The New US-Mexico-Canada trade agreement, dubbed USMCA, was agreed late on October 2nd. It replaces the previous NAFTA deal that US President Donald Trump said was unfair on American workers.
The term ‘free trade deal’ is something of a misnomer. Actually, many of these deals are about agreeing on the sectors where countries can place restrictions on trade.
The new agreement between the three countries will have huge repercussions globally once it has been ratified by all of them. It is also a warning to the UK which is looking to sign their own agreements with these same countries after Brexit.
By renegotiating NAFTA, President Trump aimed to put “America First” and showed that size matters when it comes striking a good trade deal.
The US wanted Canadian agriculture markets to open up to American produce, keep the automobile supply chain American and institutionalise high car tariffs on the rest of the world.
They succeeded on all fronts. The threat of closing the US market to their Canadian and Mexican neighbours would decimate both economies.
But the agreement is also designed to scare Canada and Mexico into shunning trade talks with the Chinese. If either try to open trade negotiations with a “non-market economy”, the US can pull out of the USMCA.
The World Trade Organisation deems China a “non-market economy”. That means higher anti-dumping duties can be applied to its goods. The United States essentially now has a veto over some of the trade policies of Canada and Mexico.
In addition, the agreement includes a clause for tariffs of between 20-25 percent that would be introduced if the Canadians sell over 2.4 million cars a year into the US.
The target of this move is not Canada. They are currently nowhere near this threshold. But by referring to the tariffs in this trade deal, and making them the default position of Canada breaches its quota, it makes it legally clear that this will be the tariff for all other countries in the very near future.
It can’t be any other way because if the US doesn’t introduce these tariffs, countries without a free trade deal with the US would have more beneficial trading terms (and a lower tariff currently around 10%) than their neighbours who have struck an agreement with Washington.
So that is not going to happen. US car tariffs are coming for everyone, including the UK & EU.
Worse still, especially for Europe, are the changes to rules of origin included in the new deal. This raises the amounts of parts in a car which need to be made within Canada, US or Mexico to 75 percent, up from 62.5 percent now. Any car with less than this amount of North American material will hit the 20-25 percent tariff.
This reduces the ability for the UK, (when it starts negotiating its trade deals with these countries) to get any benefit from a reduction in barriers in this area. If, for example, Canada has an agreement with the EU to scrap tariffs on car parts. But it won’t help EU-based suppliers, because if the Canadians put more than 25 percent of EU sourced parts in a car, they can’t export it to the US.
European carmakers, such as BMW and Mercedes-Benz, have factories in the United States that focus on high-end, high-volume models, such as SUVs. For example, BMW´s X5 uses just 35 percent of North American content, according to US Department of Transportation data.
To complete the triple whammy on the global car industry, the agreement also includes new labour provisions that mandate that by 2023 40 percent of vehicles sold into the US market must come from “high wage” factories that pay workers a minimum of 16 dollars an hour. That translates to a salary out of reach of most car workers in the world, including many in Europe.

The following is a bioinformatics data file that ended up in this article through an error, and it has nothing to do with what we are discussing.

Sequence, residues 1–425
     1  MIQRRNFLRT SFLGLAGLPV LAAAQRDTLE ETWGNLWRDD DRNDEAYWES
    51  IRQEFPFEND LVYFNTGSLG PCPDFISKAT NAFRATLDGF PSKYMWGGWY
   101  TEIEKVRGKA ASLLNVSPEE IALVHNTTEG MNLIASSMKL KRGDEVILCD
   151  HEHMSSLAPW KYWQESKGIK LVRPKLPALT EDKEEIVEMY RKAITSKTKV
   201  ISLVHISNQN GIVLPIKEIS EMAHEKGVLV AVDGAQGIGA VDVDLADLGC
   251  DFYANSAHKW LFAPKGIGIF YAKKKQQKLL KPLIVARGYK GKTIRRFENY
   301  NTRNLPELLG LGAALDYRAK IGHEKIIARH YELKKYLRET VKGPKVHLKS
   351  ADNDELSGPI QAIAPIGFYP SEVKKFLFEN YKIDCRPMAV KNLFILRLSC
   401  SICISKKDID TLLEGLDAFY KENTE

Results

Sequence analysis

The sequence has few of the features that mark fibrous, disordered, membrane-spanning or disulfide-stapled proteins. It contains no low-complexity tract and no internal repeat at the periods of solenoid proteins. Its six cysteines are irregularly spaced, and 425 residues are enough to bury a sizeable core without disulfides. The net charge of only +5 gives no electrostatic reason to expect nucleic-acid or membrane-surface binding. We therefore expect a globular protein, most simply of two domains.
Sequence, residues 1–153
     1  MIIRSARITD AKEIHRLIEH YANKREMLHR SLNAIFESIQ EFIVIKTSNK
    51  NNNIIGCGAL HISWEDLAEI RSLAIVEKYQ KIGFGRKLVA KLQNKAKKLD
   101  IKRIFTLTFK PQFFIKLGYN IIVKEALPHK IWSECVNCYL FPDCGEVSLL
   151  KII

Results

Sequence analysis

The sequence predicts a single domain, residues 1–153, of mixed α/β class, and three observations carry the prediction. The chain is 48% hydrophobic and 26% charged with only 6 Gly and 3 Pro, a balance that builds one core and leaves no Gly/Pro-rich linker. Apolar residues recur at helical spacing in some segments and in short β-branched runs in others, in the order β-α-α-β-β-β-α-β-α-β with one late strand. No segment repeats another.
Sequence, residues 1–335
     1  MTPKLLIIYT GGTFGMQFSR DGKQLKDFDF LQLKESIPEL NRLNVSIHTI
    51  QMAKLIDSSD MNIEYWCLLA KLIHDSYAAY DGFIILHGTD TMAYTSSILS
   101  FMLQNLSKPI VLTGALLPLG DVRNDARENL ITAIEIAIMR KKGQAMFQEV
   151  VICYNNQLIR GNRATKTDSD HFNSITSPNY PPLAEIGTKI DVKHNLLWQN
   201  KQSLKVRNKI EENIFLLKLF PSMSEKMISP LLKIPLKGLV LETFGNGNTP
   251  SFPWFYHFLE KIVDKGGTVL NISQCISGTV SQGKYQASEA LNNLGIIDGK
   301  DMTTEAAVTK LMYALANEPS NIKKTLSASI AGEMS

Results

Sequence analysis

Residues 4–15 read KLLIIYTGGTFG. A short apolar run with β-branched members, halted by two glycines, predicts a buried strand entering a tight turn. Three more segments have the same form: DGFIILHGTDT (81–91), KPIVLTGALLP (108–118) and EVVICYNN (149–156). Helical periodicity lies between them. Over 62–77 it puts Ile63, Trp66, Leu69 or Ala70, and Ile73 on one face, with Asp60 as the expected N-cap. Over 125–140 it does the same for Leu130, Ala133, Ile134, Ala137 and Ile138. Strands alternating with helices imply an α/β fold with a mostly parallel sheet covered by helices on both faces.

The end result is that cars in North America will cost more and be less innovative, and the rest of the world is going to find it much harder to sell cars into the bloc. This is very worrying for European and British car manufacturers in particular. The United States is the number one export market for European cars, worth more than 37 billion euros a year.
The Americans also managed to get the Canadians to open up more of their food market to US products, often blocked due to differing standards in the US, which the Canadians perceive to be inferior. There is also a forced a redesign of some of the Canadian agricultural support in the dairy industry which will be particularly challenging for the Canadians given both the climate and the type of farms prevalent there, and the fact that just one US state, Wisconsin, produces more milk that the whole of Canada.
So overall, this free trade deal is far from free trade, it imposes new barriers everywhere, both to the US’s partners in Canada and Mexico and to the rest of the world. It sends a clear message that all three countries are in the US trade sphere of influence and if you want to do a deal with them, you are going to need to follow US rules to get any benefit from it.
This will pose big questions for the UK. The car restrictions make a US-UK (or UK-Canada) trade deal far less attractive for the UK unless the UK can seek changes to the USMCA deal that would accommodate their specific concerns.
This would entail fully giving up on the EU rule and regulation system, which is still the biggest market for the UK by a long way. Accepting US rules on everything from food to cars, and giving up ideas of a trade deal with China would be a costly choice.
US presidents can serve a maximum of two four-year terms. So there is some hope that whoever enters the White House in the future might seek dismantle the far from subtle attempts to undermine the global trading system included in this agreement.
However, given the current trend in global politics, protectionism is becoming entrenched in the system. Free trade and free markets are out of fashion, so do not count on a United States U-turn anytime soon.